Aquaman No. 44 review: Fantasy epic in the making


Aquaman, now going by Andy, continues to struggle with his bout of amnesia. With no memory of who he is and the mounting pressure being put on his shoulders by the townspeople, he must remember, or at least try.

Two issues into Kelly Sue Deconnick and Robson Rocha’s run on Aquaman and it’s easy to tell that this is going to be a completely different kind of story than has been told during the past several years. If Geoff Johns’ run on the character was a superhero story and Dan Abnett’s was a superhero story that turned into a fantasy tale, then Deconnick’s is pure fantasy. There are no super-heroics to be found so far through to issue in a change of pace for the series that could have turned out badly (potentially still can), but so far, it’s gold.

One of the most apparent things about this issue is the immediate urge to completely expect where the story is going to go. The issue starts out with a situation that is a staple of the fantasy story, the hero trying to discover who he is and goes very much the way one would expect it to, but done in a really fun, contemplative way that doesn’t feel completely cliché, which is hard to do. The back half of the issue though adds so many wrinkles and questions as to where exactly Aquaman is that the assumptions that are present during the first scene are completely erased.

With this erasure of assumptions, Deconnick is able to create a world entirely her own and completely add to the mythos of Aquaman (and DC, on the whole) while never answering anything as to where Arthur currently is or who the people who he has surrounded himself are. It’s a balancing act of not completely erasing the old, but also creating something new and it’s done incredibly well here.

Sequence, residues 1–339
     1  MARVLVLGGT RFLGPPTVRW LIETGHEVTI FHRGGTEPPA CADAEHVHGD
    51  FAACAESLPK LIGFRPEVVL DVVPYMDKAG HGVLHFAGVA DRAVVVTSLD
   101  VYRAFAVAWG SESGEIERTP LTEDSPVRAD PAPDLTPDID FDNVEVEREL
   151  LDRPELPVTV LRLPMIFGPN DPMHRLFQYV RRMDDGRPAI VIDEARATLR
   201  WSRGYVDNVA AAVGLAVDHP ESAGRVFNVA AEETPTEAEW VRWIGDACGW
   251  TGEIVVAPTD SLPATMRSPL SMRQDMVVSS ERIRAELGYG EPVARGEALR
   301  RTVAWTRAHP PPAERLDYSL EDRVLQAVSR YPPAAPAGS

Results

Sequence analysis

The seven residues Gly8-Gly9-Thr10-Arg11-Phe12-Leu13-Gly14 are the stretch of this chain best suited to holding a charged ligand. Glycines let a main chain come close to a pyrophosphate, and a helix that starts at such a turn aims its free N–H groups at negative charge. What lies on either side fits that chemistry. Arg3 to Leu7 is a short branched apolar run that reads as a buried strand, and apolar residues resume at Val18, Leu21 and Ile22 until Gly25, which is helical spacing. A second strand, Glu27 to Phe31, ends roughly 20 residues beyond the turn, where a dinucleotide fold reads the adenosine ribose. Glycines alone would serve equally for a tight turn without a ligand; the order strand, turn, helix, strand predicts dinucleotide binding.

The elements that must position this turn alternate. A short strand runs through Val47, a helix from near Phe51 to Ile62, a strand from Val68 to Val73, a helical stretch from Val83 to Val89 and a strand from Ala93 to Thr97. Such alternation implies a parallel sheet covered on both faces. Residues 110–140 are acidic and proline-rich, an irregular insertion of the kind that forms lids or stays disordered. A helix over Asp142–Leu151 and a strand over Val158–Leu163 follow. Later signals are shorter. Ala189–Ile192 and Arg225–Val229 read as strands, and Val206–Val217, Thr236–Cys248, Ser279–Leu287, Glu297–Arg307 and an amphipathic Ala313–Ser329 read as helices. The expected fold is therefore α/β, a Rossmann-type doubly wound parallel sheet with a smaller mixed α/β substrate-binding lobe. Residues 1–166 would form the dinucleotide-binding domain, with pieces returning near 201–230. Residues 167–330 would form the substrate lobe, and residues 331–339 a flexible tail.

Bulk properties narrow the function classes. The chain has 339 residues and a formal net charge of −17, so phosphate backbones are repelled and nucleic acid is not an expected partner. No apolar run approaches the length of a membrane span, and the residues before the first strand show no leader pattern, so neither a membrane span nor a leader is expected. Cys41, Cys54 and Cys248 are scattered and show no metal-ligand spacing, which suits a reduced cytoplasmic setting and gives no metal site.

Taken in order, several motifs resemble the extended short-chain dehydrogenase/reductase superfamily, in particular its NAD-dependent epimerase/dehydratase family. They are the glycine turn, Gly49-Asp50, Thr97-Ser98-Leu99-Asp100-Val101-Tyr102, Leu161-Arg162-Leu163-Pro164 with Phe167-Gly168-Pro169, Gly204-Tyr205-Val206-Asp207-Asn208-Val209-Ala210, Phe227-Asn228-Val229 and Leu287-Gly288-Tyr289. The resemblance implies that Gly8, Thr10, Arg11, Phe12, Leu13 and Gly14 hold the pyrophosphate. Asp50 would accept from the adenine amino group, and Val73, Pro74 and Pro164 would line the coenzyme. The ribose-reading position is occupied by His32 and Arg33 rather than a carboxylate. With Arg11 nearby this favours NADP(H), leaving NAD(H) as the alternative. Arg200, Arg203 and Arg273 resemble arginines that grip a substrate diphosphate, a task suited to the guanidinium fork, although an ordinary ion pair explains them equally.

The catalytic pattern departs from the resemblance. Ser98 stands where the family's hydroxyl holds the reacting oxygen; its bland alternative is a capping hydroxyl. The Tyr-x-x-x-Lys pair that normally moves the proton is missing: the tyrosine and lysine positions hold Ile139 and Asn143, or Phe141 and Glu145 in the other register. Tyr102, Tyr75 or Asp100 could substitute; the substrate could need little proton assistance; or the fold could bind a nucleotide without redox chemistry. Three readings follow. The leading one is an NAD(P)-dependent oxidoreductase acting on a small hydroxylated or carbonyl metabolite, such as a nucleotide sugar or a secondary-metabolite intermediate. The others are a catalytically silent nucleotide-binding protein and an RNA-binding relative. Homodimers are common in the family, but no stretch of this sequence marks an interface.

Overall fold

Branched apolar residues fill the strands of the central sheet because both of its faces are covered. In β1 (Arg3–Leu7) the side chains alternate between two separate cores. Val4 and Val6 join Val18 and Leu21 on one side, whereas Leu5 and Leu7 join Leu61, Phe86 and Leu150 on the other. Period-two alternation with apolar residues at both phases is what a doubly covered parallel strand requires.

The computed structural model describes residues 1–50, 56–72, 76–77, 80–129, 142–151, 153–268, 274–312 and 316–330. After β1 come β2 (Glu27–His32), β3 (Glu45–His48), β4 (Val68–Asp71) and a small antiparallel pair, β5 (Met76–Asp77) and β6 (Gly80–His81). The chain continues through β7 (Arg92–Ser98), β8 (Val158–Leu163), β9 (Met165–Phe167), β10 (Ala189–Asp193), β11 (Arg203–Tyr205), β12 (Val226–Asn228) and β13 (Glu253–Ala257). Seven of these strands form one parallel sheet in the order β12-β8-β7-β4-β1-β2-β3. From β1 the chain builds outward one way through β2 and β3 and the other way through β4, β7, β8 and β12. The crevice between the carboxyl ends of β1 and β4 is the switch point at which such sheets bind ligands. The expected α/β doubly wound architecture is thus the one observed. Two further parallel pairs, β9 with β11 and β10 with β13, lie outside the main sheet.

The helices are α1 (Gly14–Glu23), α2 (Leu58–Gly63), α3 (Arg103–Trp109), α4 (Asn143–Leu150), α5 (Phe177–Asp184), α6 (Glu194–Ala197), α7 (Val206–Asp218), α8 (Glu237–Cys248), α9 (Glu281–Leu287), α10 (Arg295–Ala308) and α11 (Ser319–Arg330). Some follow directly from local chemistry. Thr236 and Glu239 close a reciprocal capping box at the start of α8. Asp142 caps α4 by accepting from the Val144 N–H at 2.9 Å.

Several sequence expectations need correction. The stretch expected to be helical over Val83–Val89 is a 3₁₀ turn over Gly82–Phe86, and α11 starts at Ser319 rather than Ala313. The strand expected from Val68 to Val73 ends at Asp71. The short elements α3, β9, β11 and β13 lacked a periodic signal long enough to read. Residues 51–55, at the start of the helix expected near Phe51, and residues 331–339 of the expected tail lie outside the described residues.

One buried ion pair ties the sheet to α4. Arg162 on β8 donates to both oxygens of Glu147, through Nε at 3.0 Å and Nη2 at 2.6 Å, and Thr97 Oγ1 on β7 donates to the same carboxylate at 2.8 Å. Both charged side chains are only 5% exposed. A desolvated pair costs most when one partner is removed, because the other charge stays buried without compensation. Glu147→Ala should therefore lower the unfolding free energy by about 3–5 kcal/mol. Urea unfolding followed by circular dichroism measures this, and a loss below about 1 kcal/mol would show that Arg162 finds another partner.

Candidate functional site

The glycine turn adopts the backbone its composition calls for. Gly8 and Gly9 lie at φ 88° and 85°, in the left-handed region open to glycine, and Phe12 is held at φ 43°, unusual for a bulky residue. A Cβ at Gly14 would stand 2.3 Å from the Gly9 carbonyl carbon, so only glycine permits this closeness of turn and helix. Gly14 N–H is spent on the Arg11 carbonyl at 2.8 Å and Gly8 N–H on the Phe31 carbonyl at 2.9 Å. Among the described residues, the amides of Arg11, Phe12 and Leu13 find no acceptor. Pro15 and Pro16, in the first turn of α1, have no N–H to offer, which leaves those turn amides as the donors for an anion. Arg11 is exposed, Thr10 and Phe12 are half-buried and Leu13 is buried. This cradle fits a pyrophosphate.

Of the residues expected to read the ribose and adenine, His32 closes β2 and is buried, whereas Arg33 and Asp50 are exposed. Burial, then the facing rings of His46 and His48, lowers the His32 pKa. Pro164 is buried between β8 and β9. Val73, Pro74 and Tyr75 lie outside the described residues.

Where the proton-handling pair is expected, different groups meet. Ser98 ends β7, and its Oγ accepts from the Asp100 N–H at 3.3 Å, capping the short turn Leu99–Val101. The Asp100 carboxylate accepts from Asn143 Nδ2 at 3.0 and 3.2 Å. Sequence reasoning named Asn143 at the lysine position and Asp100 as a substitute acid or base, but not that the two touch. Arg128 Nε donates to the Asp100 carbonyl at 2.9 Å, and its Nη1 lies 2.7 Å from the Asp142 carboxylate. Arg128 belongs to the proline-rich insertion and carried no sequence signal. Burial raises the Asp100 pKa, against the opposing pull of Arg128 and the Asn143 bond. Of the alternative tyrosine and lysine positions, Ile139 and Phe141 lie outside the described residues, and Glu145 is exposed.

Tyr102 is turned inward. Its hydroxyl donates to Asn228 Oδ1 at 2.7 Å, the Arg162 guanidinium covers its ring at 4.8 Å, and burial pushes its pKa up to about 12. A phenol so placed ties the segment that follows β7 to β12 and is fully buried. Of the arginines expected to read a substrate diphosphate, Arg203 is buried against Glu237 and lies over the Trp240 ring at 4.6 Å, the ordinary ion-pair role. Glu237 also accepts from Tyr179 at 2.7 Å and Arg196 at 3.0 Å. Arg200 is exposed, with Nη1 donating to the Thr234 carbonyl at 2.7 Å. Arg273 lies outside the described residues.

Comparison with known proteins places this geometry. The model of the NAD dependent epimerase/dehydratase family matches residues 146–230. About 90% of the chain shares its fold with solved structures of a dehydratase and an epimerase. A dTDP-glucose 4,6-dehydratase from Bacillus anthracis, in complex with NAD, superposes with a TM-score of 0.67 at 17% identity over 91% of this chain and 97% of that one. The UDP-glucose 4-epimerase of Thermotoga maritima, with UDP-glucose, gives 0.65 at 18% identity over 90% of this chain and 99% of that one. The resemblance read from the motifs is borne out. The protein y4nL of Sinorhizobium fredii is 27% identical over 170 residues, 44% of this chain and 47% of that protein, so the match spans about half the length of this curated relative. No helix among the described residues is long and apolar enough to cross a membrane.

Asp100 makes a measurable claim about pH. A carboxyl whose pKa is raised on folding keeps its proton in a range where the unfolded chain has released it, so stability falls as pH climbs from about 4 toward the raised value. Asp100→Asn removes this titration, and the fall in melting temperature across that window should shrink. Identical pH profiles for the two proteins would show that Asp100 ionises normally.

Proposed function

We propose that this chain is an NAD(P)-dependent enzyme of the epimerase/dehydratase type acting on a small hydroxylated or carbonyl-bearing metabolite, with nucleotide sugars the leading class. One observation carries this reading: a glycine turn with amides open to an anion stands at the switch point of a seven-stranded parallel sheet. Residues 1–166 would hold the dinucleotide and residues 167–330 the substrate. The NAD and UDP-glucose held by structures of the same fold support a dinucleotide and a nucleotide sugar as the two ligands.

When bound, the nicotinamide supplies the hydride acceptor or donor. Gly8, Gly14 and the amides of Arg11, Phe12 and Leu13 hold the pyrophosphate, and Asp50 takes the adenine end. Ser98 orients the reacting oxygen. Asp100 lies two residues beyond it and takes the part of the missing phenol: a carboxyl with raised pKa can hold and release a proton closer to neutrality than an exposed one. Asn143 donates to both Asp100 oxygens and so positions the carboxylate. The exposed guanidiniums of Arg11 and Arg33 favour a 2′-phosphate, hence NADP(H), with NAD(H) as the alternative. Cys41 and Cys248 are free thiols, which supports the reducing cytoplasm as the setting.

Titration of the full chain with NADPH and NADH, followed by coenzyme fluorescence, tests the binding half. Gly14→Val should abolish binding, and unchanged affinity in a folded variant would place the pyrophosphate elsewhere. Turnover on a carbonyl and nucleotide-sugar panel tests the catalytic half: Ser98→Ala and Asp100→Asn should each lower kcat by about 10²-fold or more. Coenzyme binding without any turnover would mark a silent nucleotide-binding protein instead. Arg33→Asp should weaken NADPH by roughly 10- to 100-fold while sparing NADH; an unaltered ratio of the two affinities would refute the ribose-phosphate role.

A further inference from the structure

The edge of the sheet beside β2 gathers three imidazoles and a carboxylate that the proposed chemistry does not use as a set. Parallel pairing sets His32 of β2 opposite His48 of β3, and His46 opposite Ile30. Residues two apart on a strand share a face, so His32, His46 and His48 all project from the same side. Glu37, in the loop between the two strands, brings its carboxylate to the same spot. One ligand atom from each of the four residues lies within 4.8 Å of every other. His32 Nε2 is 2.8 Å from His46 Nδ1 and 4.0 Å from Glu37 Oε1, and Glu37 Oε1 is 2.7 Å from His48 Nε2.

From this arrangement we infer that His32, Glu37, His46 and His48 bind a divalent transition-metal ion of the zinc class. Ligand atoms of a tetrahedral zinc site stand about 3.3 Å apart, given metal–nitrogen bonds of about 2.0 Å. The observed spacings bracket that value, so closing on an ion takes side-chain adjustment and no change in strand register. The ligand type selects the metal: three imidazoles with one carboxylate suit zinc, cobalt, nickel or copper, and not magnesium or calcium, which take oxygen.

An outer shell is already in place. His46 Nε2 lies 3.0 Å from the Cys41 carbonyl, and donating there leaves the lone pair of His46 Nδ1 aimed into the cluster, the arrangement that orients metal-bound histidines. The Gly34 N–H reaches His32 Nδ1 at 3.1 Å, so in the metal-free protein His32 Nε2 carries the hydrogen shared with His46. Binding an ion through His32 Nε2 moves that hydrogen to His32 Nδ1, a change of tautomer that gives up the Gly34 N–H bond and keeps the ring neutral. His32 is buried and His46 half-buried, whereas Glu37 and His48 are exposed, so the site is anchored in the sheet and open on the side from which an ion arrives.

Image by DC Comics/Art by Robson Rocha

Speaking of old though, Arthur hasn’t been the only main character in this book for a long time, so it was only a matter of time before Mera came back into the fold. It’s honestly surprising that she was brought up again so early, but it’s also nice to see that Atlantis and Mera won’t be completely ignored, even if they do take a backseat. The decisions as to what’s happening in Atlantis leave a lot to be desired, given the character of Mera, but Atlantis is a land mired in tradition, thus it would make sense at a macrocosmic level.

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As mentioned above, this book has taken on the guise of a pure fantasy book and it helps that the art by Robson Rocha continues to feel like that as well. Last issue felt very much like a Brother’s Grimm tale in the way it was drawn, like there was actual wear on the pages and it carries over to this issue as well. Not as much, but it’s still present. Rocha even makes Atlantis more classic fantasy than it has been presented in the past, simply with Mera’s formal wear.

It’s reminiscent of the formal wear worn by Amber Heard’s Mera in Aquaman, but with its own unique touches that make it fit into this universe and story being told. Generally, though, this issue is gorgeous if one wants to talk about it in a simple manner.

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With its new creative team, Aquaman continues to transform into what is seemingly going to be a fantasy epic for years to come.